When it comes to political legacies, David Cameron’s is already in tatters… and things about to get a lot worse. Although most of the Remain Campaign’s warnings about the imminent appearance of Conquest, War, Famine, and Death following the June 23 vote did not materialise, the UK economy is clearly shaken. In Tory circles, blaming what comes next on Brexit in general and Cameron in particular is seen as essential.
Like Gordon Brown before her, the next prime minister is going to be the unfortunate who is sat in the hot seat when the proverbial hits the fan. So the narrative they will want to construct says that while they did not want to leave the EU, they respect the people’s decision to do so, and must now try to deal with the economic mess that Cameron allowed the people to bring upon themselves.
There is, however, an alternative and more credible narrative. This is that the policies that the Tory government have implemented since 2010 are coming home to roost. The UK banking system remains the ticking time bomb that it was in 2008 – too many too big to fail banks with too few resources to keep them alive; coupled to an economy that has been anaemic in all of the fundamentals. To turn George Osborne’s words back on him – he failed to mend the roof even as the storm clouds were gathering.
The start of 2016 saw a decline in consumer spending as the New Year sales failed to boost growth. This was followed in the Spring by a crash in manufacturing and a slowdown in the service sector. A historically high and growing current account (aka balance of payments) deficit was already threatening the value of the pound before the referendum had even been called. As if this wasn’t bad enough, a key indicator of the onset of a recession – a construction sector slowdown – also appeared in the Spring. And the best that can be said of the slowdown is it may not be quite as bad as 2008. As Will Martin in Business Insider notes:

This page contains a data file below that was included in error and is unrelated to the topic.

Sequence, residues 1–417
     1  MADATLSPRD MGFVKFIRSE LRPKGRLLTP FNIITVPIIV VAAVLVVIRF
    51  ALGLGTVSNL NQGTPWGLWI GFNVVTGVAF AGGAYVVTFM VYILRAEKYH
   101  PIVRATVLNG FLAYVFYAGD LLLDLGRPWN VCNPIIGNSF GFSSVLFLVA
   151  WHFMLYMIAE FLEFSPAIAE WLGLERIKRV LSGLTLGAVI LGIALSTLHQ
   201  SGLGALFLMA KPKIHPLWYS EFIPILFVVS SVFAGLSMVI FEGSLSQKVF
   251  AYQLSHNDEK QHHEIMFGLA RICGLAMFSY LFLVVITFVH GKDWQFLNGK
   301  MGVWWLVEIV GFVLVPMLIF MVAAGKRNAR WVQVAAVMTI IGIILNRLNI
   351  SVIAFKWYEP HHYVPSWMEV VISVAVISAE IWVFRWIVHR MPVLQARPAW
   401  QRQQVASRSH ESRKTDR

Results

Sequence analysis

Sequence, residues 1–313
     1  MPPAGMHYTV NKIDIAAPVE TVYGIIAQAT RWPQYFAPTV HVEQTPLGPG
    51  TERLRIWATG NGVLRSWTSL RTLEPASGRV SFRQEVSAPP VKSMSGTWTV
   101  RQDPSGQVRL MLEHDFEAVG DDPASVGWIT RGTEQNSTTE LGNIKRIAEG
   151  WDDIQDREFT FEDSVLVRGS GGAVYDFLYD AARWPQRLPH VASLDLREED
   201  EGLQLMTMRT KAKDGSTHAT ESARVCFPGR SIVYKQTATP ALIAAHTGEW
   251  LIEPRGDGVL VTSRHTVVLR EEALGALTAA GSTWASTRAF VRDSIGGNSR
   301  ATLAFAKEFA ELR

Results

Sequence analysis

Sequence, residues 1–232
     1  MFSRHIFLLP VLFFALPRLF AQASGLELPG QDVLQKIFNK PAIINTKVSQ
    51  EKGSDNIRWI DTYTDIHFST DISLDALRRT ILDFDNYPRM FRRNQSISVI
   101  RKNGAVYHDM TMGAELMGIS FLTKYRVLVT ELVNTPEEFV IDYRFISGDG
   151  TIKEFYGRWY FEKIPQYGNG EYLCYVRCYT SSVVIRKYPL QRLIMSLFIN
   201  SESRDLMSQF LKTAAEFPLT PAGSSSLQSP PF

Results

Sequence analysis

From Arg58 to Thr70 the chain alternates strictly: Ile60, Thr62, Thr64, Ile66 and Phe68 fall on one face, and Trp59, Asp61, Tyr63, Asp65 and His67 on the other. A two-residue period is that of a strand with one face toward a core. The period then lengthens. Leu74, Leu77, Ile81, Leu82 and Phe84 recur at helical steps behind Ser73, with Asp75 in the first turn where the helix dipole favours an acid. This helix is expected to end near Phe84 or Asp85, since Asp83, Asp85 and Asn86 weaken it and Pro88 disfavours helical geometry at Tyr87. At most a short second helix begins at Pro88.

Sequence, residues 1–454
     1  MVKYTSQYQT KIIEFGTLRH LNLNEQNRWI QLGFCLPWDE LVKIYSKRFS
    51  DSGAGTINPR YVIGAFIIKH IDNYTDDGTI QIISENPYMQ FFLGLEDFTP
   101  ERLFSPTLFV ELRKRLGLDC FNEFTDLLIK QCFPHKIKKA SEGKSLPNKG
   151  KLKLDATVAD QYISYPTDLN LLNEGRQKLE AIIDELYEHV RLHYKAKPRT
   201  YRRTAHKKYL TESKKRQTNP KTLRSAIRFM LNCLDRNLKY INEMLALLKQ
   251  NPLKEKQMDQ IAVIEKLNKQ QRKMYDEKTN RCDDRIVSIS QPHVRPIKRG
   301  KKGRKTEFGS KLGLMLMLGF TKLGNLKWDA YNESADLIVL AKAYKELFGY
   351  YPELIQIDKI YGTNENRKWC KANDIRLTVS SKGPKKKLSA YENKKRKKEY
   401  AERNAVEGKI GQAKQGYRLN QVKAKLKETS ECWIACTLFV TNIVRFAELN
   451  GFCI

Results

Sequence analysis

“The big thing that is going unnoticed however, is that even pre-Brexit, the UK economy looked to be heading in the wrong direction. Sure some of that pre-referendum slowdown could be put down to jitters about the result, but that goes only some way to explaining why Britain’s economy simply hasn’t performed in the way it should have.
“When the best you can pull from a dataset is that it is not quite as bad as during the worst recession since the 1930s, you know things are not looking good.”
To make these problems much much worse, the policy options available to central banks in 2008 are no longer available in 2016:
“Things might not be quite so scary if there were any tools left to deal with the impending doom facing the British economy, but we’re pretty much out of ammo. The Bank of England’s base rate is stuck just above zero, and despite the fact that governor Mark Carney hinted last week that the Bank will cut rates further this summer, the prospect of negative rates doesn’t exactly hold much promise.”
The Tory instinct will be to blame the crisis that we already see looming on the horizon on the vote to leave the EU. This will pave the way for even more failed austerity as they seek to punish the poor for the mistakes of the rich. However, it is these failed policies that have helped get us to this point. Whatever George Osborne’s long-term economic plan was supposed to have produced, what it has created is an economy that is weak in all of its fundamentals and strong in just one area – the unsustainable asset bubbles that will be the first to disappear as the economy goes down.